Proper 25, Year C, Church of the Messiah, Pulaski, October 23, 2022

“All who exalt themselves will be humbled, but all who humble themselves will be exalted” (Lk. 18:14).

Today Jesus gives us another parable about prayer: a parable that matches last week’s parable, also about prayer. In that parable, the Lord told the story of the unjust judge, who ignored the cry of the widow until her persistence gradually wore him down. “And will not God grant justice to his chosen ones who cry to him day and night… I tell you, he will quickly grant justice to them” (Lk. 18:7-8). We’re supposed to pray always and not to lose heart. Prayer to God calls for persistence.

So, our parable today is also about prayer. Here the setting is not the courtroom but the Temple in Jerusalem, the paramount place of prayer. It was then, and is now, as anyone who has visited the site will know. The Temple may be no more, but Christians, Muslims, and Jews continue to make their way as pilgrims to the sacred site. For Jews, the intact western wall of the Temple remains a place of prayer, visited by people from all over the world. It’s a place of divine presence, approached with reverence and awe.

In Jesus’ day, of course, the Temple still stood, and his parable today is set within it. Two men are praying, one a Pharisee and the other a tax collector. “God, I thank you that I am not like other people: thieves, rogues, adulterers, or even like this tax-collector. I fast twice a week; I give a tenth of all my income” (Lk. 18:11-12). That’s the Pharisee. Then the tax collector: “God be merciful to me, a sinner!” (Lk. 18:13). One man is trying to justify himself, while the other is throwing himself on the mercy of God. It’s the difference between righteousness and self-righteousness, pride and humility.

Humility requires owning up to our own reality: we’re not as great as our publicist might insist, or as we might try to tell ourselves. Humility is a word rooted in the Latin word for “earth,” harkening back to the first Adam, made from the dust of the earth. “Remember that you are dust, and to dust you shall return,” we say in the Ash Wednesday liturgy. We’re humble because we have humble origins, and that’s good for us to remember. As created beings, that’s the ground we stand on.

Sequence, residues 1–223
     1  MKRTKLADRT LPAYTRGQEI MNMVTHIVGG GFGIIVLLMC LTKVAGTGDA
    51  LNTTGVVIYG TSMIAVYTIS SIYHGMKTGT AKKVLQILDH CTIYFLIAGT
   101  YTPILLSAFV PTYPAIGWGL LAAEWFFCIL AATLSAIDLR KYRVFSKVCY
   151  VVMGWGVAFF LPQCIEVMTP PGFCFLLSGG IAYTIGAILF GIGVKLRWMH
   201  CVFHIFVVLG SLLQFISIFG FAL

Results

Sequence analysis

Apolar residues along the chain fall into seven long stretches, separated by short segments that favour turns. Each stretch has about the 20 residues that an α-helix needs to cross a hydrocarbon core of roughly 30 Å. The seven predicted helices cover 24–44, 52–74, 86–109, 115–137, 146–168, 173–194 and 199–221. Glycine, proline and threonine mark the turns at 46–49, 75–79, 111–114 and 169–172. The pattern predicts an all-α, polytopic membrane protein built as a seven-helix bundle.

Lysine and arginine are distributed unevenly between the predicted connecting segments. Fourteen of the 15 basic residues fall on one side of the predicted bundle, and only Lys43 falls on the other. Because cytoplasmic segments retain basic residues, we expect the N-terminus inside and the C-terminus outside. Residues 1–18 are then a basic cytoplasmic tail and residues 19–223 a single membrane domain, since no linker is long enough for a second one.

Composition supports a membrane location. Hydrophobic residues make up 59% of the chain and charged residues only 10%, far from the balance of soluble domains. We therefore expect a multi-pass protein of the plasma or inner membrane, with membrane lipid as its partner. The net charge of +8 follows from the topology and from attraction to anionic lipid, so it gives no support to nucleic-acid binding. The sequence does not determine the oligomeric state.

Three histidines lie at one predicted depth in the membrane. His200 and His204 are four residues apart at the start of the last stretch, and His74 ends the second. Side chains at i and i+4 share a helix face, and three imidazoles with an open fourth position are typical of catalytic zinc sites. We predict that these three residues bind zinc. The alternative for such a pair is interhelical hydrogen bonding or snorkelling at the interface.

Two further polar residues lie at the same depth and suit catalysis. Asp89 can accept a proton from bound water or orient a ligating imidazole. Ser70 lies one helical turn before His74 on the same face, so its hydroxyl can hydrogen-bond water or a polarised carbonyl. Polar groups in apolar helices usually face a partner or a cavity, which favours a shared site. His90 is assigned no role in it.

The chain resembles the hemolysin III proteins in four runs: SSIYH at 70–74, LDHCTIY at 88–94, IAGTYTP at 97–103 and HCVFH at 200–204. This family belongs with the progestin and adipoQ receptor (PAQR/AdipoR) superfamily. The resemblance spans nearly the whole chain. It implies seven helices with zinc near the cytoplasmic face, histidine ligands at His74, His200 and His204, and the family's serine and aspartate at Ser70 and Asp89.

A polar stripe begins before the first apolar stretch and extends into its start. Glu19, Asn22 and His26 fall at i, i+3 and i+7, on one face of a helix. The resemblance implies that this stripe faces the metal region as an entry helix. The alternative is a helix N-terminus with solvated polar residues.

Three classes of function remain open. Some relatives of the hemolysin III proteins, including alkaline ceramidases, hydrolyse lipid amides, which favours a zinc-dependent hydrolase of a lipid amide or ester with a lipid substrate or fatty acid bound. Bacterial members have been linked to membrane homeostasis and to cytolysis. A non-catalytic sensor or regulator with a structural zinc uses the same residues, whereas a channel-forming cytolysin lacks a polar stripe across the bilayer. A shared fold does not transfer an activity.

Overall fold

The tax collector owns up to the reality that he is a sinner, in need of God’s help. In prayer we acknowledge this fundamental reality, that human beings are dependent on God, and have fallen short of God’s calling. Humility is built into the program of prayer, after all. If we were self-sufficient, as good as our own self-promotion would have it, then why would we be praying at all? Like the Pharisee in the story, all we would really need to do would be to recite our own accomplishments, and leave it at that.

But in prayer, we are asking for help. “God be merciful to me, a sinner!” (Lk. 18:13). Not only are our powers strictly limited, but through sin we have abused the gifts that God has given us. We have fallen short continually of God’s call to us. Prayer is part of turning to God in that long progression we call “repentance.” When you’re lost, the first step back to the right path requires acknowledging the reality that you don’t know where you are. It may be humbling to say you need help, but without doing so you are unlikely to make any progress.

Humility is built into our liturgy, as well. We’ve already been reminded of the note of humility sounded in the Ash Wednesday liturgy, but that note continues throughout our worship. Sunday by Sunday we confess our sins, and receive forgiveness: as we said in our psalm this morning, “Our sins are stronger than we are, but you will blot them out” (Ps. 65:3). Or as we will pray today before receiving communion, “We are not worthy so much as to gather up the crumbs under thy table”: a prayer drawn from the words of the Gospels themselves. In our Eucharist we humbly beseech God for the remission of our sins, and for his grace and heavenly benediction.

As we celebrate the sacramental rite of confirmation today, we recommit ourselves to a life of prayer and repentance, to the pattern of humility that Jesus calls us to in our Gospel today. We’re asked, “Will you continue in the apostles’ teaching and fellowship, in the breaking of bread, and in the prayers?” And again, “Will you persevere in resisting evil, and whenever you fall into sin, repent and return to the Lord?” Prayer requires humility, and so does discipleship.

In prayer, we’re in touch with reality. The promise of the Gospel is that the way of humility is the way of life, the way into the kingdom. Jesus taught us to pray, he taught us to pray with humility, and he showed us in his own life and death what humility was all about. He humbled himself to death on the cross, but God highly exalted him and raised him up. We follow in his footsteps. “All who exalt themselves will be humbled, but all who humble themselves will be exalted” (Lk. 18:14).

  • The Rt. Rev’d John Bauerschmidt, Bishop of Tennessee